It's been promised before only to fizzle.
But this time is seems high-speed rail from Tucson to Phoenix is on track.
The state has whittled down the possible routes from six to three and will make a decision on the final route by the end of the year.
More than 7,000 people weighed in on the options and will have a big say on which route gets chosen.
What makes it different this time is the taxpayer will likely not be on the hook for the entire $5 to $10 billion price tag.
"That's part of what excites me," says Steve Farley a Tucson State Senator from District 9."It doesn't have to be taxpayer money."
Federal funding for transportation projects is drying up and the competition is fierce.
So in this case, a public-private partnership is being encouraged.
"There are a lot of international equity firms out there looking for safe, long term investments in infrastructure in the country," Fairly said. "And this is an ideal corridor for them to invest in."
What makes it attractive is the potential for success.
A recent study released by the Arizona Department of Transportation shows by 2050, it will take 324 minutes to drive from Tucson to Phoenix. Taking a high speed train at 110 mph, will take 73 minutes.
But it's also the white-knuckle driving on the interstate, sandwiched between 18 wheelers.
"People feel a lot safer in a train rather than driving their own automobile along the interstate," says Jeremy Papuga, the transit director for the Regional Transportation Authority. "I think people will see it as a lot safer and a lot less stress."
All three alternatives on the ADOT site still in the running, go from Tucson International Airport to Phoenix Sky Harbor. Two of the proposed routes also pass through the Phoenix-Mesa Gateway Airport in Queen Creek.
But airports don's see the train as competition.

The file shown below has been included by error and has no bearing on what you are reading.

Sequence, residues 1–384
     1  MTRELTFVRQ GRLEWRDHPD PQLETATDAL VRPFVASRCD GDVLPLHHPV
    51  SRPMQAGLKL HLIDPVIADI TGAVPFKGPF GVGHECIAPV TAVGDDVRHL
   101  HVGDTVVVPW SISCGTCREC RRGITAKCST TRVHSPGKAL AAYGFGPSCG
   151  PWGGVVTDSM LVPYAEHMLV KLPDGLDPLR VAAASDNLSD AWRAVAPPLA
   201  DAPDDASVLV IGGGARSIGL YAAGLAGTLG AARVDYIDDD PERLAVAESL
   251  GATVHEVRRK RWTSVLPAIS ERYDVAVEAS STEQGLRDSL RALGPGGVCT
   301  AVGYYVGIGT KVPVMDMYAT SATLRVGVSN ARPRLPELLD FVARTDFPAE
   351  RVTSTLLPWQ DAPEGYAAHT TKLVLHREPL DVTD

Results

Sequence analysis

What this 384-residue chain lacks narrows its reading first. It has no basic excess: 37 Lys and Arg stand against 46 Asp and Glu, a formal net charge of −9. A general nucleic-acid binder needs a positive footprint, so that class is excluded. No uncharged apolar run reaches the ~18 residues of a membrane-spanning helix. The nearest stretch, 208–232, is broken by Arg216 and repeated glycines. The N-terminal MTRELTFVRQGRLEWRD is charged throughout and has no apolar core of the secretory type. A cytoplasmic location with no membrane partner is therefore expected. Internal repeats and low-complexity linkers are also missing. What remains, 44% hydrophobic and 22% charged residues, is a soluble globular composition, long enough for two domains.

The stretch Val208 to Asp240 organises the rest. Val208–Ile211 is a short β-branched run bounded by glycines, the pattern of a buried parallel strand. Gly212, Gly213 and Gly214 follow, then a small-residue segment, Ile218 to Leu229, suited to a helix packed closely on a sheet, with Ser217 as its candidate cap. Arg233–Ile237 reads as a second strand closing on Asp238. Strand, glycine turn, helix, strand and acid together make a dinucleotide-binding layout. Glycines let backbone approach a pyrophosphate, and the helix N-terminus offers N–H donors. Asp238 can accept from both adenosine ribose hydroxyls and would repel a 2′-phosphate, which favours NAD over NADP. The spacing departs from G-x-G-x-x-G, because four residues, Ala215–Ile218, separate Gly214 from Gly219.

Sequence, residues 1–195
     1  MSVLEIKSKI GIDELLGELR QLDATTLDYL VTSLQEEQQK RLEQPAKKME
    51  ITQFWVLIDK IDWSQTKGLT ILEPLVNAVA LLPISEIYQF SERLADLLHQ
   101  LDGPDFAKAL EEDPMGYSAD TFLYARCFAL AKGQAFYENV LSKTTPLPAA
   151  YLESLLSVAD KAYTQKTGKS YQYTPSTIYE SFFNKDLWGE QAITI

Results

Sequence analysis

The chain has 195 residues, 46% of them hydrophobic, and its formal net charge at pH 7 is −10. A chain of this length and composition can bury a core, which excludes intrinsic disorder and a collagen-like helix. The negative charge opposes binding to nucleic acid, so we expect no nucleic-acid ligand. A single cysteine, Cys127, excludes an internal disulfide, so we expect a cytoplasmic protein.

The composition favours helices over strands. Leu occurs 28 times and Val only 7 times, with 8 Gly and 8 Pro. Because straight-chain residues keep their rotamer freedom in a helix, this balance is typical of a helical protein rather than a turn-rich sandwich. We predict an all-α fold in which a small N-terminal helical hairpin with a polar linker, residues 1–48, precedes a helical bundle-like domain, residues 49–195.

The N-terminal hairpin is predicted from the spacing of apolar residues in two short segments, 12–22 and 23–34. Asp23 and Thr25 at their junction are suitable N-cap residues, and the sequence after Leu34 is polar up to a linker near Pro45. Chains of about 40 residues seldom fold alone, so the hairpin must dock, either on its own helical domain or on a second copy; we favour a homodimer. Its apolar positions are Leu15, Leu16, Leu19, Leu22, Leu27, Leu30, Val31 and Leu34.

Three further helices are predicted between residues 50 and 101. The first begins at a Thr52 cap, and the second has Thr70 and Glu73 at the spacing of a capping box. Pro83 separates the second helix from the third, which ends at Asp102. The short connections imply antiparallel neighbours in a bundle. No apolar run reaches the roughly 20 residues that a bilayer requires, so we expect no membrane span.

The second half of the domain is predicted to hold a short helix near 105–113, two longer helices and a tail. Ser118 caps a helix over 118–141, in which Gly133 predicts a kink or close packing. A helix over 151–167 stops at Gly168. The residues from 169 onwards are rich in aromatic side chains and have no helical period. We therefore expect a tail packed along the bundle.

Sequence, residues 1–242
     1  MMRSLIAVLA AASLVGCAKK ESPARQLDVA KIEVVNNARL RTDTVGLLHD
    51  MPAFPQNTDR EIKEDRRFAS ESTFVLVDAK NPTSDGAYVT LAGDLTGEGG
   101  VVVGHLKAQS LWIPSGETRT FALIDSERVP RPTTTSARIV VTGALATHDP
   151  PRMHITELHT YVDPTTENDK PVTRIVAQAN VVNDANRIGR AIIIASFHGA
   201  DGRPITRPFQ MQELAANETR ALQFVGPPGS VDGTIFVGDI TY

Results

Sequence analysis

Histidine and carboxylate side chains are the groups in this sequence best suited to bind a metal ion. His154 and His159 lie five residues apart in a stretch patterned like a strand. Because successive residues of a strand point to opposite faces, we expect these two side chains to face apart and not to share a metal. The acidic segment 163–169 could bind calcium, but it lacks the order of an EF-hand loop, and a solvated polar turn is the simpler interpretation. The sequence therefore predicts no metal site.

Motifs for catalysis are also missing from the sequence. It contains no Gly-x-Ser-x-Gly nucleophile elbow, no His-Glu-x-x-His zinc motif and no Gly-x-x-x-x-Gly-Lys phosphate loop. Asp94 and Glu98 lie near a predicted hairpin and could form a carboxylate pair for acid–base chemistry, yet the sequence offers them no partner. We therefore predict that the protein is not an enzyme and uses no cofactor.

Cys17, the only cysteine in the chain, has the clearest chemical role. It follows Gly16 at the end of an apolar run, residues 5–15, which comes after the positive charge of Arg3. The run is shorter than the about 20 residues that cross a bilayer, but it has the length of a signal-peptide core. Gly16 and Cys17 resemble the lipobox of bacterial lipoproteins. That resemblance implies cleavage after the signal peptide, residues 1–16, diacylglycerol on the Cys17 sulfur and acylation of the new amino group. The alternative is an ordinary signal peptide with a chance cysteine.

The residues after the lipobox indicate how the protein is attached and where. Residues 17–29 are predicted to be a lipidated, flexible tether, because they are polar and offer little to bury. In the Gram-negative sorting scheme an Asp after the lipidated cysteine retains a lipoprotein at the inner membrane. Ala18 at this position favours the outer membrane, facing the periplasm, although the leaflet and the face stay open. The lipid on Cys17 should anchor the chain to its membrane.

"The key thing is the two regions are connected," says TIA planner Jordan Feld. "It gives the traveler another option."
Tucson could become a low cost hub of the Phoenix area.
"It would make it cheaper to jump a train to Tucson and fly out of TIA," says Farley.
Passengers would also avoid the hassle of a bigger airport with its parking issues, security checks and long walks from end to end.
Most believe there are many reasons why Tucson could be an attractive destination regardless of which option is chosen.
The straight line from Tucson to Phoenix appears to have more support because it will be cheaper to build.
Much of the necessary rights of way and property are already owned by the state.
Still, it may cost upwards of $5 billion to as high as $10 billion.
Even though federal highway funds are drying up and competition for the remaining dollars is fierce, it doesn't have to be paid for with taxpayer money.
"That's part of what excites me," Farley says. "There are a lot of international equity firms out there looking for safe, long term investments in infrastructure in this country."
He believes this "is an ideal corridor for them to build in."
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